It apparently takes more than a few good men, according to the U.S. Marine Corps. It takes all kinds of people to support military families, including same-sex spouses of service members.
CNN published a story this week about a woman married to a female lieutenant colonel at Fort Bragg who believes she was rejected from an officers' spouse club because she's gay. Less than a day later, Maj. Gen. Vaughn Ary advised Marine Corps legal staff such clubs conducting business on its bases must admit same-same spouses. If they do not, the clubs will be barred from meeting on any Marine Corps installation.
Relatives of a former U.S. Marine jailed in Iran for allegedly spying for the CIA say they are pleading with the leaders of the Islamic Republic to show mercy and set Amir Mirzaei Hekmati free.
"I just want to ask President (Mahmoud) Ahmadinejad and the Supreme Leader Ayatollah Khamenei, these two are our only hope. These two can bring Amir home," pleaded Behnaz Hekmati, Amir's mother.
"We just want (him) to come home, I think one year is enough. If you want to punish us, if you want to punish Amir, for whatever reason he is there, just one year is enough. Please let him come home," his mother added.
With reluctance and much apprehension, the Hekmati family opened their home to CNN and sat down for an exclusive interview, their first since Hekmati was arrested on August 29, 2011.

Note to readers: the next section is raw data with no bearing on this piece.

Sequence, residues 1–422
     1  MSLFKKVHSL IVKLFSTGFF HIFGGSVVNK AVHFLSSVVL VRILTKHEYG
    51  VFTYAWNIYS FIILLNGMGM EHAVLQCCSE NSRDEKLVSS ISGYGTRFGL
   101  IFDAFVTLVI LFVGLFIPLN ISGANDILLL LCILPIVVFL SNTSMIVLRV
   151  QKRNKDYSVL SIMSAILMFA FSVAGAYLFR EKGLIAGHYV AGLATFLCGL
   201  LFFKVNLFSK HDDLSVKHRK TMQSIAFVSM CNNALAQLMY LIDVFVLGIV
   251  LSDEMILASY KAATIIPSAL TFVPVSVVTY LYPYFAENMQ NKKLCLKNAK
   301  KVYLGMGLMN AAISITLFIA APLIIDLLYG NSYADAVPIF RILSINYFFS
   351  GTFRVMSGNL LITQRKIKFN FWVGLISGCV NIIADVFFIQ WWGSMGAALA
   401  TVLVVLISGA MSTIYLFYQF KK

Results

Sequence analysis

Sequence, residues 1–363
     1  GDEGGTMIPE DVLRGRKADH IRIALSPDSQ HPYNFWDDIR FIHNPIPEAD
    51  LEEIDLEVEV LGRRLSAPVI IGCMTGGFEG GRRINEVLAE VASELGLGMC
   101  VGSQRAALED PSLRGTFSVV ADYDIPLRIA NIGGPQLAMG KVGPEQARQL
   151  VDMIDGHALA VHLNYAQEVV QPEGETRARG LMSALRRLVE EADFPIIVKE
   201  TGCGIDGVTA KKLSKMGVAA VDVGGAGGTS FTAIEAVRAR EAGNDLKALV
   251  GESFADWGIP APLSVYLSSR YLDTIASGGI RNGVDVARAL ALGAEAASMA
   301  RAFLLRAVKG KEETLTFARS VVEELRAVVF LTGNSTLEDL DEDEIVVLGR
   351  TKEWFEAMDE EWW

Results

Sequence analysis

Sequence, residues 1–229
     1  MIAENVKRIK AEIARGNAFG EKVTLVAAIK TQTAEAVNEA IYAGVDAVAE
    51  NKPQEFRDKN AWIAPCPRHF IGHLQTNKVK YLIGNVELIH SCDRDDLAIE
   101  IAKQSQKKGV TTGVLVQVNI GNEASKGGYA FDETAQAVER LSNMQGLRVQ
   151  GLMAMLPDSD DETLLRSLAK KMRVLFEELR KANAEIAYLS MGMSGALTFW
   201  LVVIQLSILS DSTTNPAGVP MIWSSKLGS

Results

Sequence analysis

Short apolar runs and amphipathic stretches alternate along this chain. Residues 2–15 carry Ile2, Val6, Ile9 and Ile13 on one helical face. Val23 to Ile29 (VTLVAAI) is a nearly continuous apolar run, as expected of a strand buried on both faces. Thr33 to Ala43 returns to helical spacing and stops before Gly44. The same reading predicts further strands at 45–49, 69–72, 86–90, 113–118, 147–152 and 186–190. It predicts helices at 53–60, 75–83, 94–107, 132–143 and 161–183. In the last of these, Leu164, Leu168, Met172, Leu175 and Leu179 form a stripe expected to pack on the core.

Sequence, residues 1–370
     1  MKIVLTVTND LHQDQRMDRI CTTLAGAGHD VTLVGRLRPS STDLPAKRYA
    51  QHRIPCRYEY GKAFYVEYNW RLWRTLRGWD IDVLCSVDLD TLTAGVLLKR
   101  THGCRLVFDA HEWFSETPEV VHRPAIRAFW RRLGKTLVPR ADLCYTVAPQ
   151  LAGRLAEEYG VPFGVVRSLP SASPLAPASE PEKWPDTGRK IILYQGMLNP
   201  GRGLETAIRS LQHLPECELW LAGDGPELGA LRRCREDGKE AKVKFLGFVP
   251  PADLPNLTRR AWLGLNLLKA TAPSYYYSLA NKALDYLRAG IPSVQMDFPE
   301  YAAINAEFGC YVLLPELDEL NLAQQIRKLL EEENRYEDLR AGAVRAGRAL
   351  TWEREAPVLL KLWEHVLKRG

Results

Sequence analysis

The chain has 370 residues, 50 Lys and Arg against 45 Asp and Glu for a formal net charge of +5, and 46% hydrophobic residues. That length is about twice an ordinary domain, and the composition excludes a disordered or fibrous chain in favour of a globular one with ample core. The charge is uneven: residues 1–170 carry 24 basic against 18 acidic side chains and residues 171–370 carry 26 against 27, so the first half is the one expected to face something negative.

Three U.S. Marines were injured in a shooting south of Mexico City on Friday morning, a Mexican military official told CNN Mexico.
The motive behind the attack on the American servicemen, who were on a diplomatic mission, was not immediately known.
Unknown gunmen inside what was described as a Mexican federal police vehicle fired upon a U.S. Embassy vehicle that carried the U.S. servicemen, said the official, who declined to be named for security reasons.
The injured Marines were transported to a hospital in Cuernavaca, Mexico.FULL STORY
A U.S. Air Force officer hopes to soon release a database of bombs dropped from American military aircraft since World War I – a tool he says can be used to shed new light on old conflicts and perhaps even help locate unexploded ordnance.
Lt. Col. Jenns Robertson says he began working on THOR, or Theater History of Operations Reports, in his spare time in 2006. It combines information from numerous sources – thousands of paper reports, punch cards and magnetic tape records for older conflicts, and digital databases for others – across nearly 100 years.
The database, already being used by the Defense Department and other government agencies, for the first time allows users to search and find on a map nine decades of U.S. bombings. THOR was first reported on this week by The Boston Globe.
Robertson started the database when he was part of a briefing team for the Air Force’s chief of staff at the Pentagon.
“What drove the development of THOR was ... the data may have been out there, but it was a pain in the rear end to find it and make it useful,” Robertson said by phone Tuesday.
On Memorial Day this Monday, the United States will remember troops who died serving their country. The holiday originally started in Waterloo in 1866 to honor those who died in the Civil War.
The last U.S. troops withdrew from Iraq in December. Just days ago, NATO agreed on a withdrawal of U.S.-led international military forces from Afghanistan by 2014. In honor of the contributions that U.S. troops have made to the country, watch some of our favorite military homecomings.